Clutching

Jacob Daniels

Their hands were trembling as they always
do when we are counting money.
—Federico Garcia Lorca

When Burt paid me, he licked the brown envelope
like a sad dog lapping at a stranger’s cheek.

Always cash. He cooked those books
with his father’s recipe. He used to drop change

on the floor before I swept. If I pocketed it,
I’d be fired like Tony was.

He died clutching his chest while giving his son
a driving lesson. I stood in the somber chain

of mourners, fingering my pocket change.
A quarter, two dimes, pennies.

He loved money. Money loved him back.
He owned four stores when he died,

four stores for his family to fight over.
It was my first job, and I was a loyal dog

panting for approval. After a good day,
before we headed home exhausted, he’d clap

a beefy hand on my shoulder as if
we were partners. He didn’t pay me enough

to mop his sticky floors and empty
his rotten garbage. After we were robbed,
after our faces were unceremoniously shoved
 
into that dirty tile floor, he got a gun.

I didn’t want to die lying next to him,
the cash register baring its empty cavities,

and even our shameful pockets
pulled inside out, my snotty handkerchief

exposed on the floor. His eyes were plugged in
to a rage that scorched his path for months

as he spun the cylinder on his gun, imagining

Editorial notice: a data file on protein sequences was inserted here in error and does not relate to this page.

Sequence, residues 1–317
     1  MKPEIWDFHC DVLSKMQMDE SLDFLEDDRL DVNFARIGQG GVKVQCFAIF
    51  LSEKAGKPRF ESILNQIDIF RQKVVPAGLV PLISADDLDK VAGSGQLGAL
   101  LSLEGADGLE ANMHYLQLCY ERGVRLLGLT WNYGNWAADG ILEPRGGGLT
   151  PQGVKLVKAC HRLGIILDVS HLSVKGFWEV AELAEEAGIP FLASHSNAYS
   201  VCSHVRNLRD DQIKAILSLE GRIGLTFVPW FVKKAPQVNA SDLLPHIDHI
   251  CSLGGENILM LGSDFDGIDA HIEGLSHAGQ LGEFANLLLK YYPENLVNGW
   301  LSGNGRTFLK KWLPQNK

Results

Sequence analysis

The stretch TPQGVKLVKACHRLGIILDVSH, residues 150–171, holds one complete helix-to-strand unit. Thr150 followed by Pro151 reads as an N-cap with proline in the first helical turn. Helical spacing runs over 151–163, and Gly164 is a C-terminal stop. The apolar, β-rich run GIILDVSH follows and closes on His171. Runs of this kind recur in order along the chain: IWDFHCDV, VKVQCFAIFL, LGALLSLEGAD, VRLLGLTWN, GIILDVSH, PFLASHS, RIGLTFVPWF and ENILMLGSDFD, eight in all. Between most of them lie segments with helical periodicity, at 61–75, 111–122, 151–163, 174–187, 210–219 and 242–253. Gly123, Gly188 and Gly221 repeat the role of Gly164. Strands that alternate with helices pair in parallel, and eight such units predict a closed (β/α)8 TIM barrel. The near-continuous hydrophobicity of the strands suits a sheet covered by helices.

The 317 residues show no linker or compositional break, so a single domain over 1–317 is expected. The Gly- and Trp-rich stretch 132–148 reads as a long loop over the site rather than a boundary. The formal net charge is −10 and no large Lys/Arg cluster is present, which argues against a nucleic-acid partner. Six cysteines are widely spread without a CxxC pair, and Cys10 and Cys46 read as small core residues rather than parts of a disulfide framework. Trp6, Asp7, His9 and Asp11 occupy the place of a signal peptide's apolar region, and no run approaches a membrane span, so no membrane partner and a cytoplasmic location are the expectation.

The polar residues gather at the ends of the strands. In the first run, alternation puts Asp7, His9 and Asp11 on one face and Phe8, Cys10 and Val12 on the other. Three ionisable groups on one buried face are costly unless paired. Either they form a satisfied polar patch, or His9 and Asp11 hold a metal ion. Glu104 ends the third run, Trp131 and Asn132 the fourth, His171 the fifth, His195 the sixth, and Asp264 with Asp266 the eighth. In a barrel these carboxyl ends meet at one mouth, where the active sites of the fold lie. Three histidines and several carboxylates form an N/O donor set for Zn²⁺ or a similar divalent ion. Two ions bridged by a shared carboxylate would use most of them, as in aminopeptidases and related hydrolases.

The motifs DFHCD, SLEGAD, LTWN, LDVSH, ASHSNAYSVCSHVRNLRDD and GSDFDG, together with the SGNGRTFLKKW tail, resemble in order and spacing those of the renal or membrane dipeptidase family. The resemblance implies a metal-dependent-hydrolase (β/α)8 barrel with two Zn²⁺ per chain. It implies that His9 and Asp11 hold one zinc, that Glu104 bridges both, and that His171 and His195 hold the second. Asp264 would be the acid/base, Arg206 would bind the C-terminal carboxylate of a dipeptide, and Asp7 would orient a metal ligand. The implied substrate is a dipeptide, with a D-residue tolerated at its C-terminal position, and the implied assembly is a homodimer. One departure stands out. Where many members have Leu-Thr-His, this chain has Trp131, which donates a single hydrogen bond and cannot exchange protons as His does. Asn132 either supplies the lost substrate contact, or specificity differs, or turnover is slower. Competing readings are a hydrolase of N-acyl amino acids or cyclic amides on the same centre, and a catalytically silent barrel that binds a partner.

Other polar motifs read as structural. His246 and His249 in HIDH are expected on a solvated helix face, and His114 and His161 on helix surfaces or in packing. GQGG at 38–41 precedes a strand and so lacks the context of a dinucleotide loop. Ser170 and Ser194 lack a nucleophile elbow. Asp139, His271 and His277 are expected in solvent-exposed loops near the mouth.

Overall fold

heroic scenarios. I hadn’t shown the impatient thief

our secret hiding place. I saved those brown envelopes,
saved them empty on a shelf above my bed.

Burt looked me level as we drove
the next day to examine mug shots:

You’re like me, he said. I count money in my head
like sheep some nights, though I know

I shouldn’t. He gave me fifty dollars:
Combat pay. I quit the next day.

No one’s paid me in cash in twenty years.
I’ve got direct deposit. How much cash

would it take to tremble? My children wave
their birthday money like tiny flags, or passports.

Who will teach them to drive? What else can
make us tremble? Today, I forgive his tight fist

opened by death into a false caress.
Somebody should stuff a wad

of bills in there.
Into the still hand.
© 2007 University of North Carolina Greensboro
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JACOB DANIELS is the author of the collections Show and Tell: New and Selected Poems (University of Wisconsin Press) and Detroit Tales (Michigan State University Press), short stories, both published in 2003.